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The Most Common AdWords Mistakes Many Publishers Make

You can make big money fast using Google to drive targeted website traffic – if you avoid these common AdWords mistakes

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We’re often guilty as charged in spending 80 to 90 percent of our website efforts getting users to download free reports and convert to email subscribers.

Yet, an important component, which can lead to 20% or more of revenue, should be targeting a direct impulse buyer looking to make a transaction.

We don’t always talk about this directly, but it’s important to bring people to your website who are ready to buy.

For any publisher with high priced products, AdWords can be a positive part of the marketing mix. To see if AdWords is right for you, select some keywords related to your products.

Some of you may be familiar with the multiplatform publishing company case study that we use for teaching the Mequoda Method – Green Gardens Network (GGN). It’s a composite case study of all our Gold Members so that we may talk about benchmark numbers without identifying any of our clients individually.

The Green Gardens case study is very robust – they publish content to help people be better gardeners and this content comes in the form of a multiplatform magazine, books, videos, and live events that are essentially domestic and international garden tours. So, to confirm AdWords would make sense for GGN, we’d research the Google Keyword Planner Tool to see if anyone was searching for premium information products related to our topics, like “azalea books”, “rose growing course”, “tulip DVD” or “garden tours”.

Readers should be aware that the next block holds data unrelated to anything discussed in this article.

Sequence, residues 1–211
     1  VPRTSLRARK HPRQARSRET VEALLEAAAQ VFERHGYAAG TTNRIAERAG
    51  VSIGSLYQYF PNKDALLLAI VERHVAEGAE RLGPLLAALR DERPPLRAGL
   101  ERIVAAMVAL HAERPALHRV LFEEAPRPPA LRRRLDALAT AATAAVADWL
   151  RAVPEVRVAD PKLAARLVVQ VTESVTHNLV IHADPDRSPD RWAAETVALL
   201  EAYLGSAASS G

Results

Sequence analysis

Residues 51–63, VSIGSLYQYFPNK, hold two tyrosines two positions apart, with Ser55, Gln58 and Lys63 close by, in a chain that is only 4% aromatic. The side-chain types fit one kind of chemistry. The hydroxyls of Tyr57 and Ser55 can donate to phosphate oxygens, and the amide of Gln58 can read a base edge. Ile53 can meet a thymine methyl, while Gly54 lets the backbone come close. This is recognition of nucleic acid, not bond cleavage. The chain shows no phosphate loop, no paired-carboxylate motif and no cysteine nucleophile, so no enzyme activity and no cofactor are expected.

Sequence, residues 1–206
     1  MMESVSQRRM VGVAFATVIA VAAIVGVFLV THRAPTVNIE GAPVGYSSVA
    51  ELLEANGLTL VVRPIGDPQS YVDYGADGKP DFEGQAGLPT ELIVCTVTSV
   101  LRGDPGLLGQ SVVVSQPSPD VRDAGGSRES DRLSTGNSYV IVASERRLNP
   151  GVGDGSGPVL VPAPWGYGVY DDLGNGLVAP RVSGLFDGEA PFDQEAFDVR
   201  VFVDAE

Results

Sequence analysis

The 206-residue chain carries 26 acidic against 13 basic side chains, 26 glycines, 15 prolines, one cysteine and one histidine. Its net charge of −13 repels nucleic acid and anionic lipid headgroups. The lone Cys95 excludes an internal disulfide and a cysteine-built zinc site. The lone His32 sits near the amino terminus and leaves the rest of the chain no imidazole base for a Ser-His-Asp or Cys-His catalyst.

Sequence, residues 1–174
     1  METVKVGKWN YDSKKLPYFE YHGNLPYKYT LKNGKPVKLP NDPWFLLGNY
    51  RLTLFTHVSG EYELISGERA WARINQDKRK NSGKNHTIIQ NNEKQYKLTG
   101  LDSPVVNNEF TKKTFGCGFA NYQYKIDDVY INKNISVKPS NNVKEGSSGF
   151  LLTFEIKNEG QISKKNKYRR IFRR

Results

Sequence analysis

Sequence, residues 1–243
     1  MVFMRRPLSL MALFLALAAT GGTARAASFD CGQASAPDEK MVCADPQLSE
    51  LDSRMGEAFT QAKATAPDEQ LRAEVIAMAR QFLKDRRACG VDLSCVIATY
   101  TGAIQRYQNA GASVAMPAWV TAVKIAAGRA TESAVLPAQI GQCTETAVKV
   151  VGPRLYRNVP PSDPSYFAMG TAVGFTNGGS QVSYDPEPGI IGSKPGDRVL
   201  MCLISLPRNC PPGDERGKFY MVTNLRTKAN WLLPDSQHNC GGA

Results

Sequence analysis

This way, we’re identifying individuals who are searching for information in a premium format and expecting to pay for it.

Google fundamentally knows the difference between an information search and a product search. Someone conducting an information-based search will see a different set of organic results than when conducting a retail-based search. This is the case for most consumers looking to buy a specific format type – event, book, video, DVD, magazine, etc.

When they are using product names or types in the search query, they are typically looking to buy.

Using paid media to drive traffic into an online store is key to a well-rounded strategy.

Using AdWords to build email subscription lists

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Some publishers use AdWords to build their email list as they’ve run campaigns primarily for free reports. Searchers would see that there is a free report offered by a website on the topic of interest and go to retrieve it. In doing so, they’d be required to exchange a valid email address to get the free content.

This email recipient would likely be targeted with follow-up emails promoting aligned premium products that should be of interest to them, due to their desire in downloading the free report.

Even campaigns promoting paid products will help build an email list as products purchased from websites will often ask for a valid email address to send a confirmation to.

The top Google AdWords mistakes and how to avoid them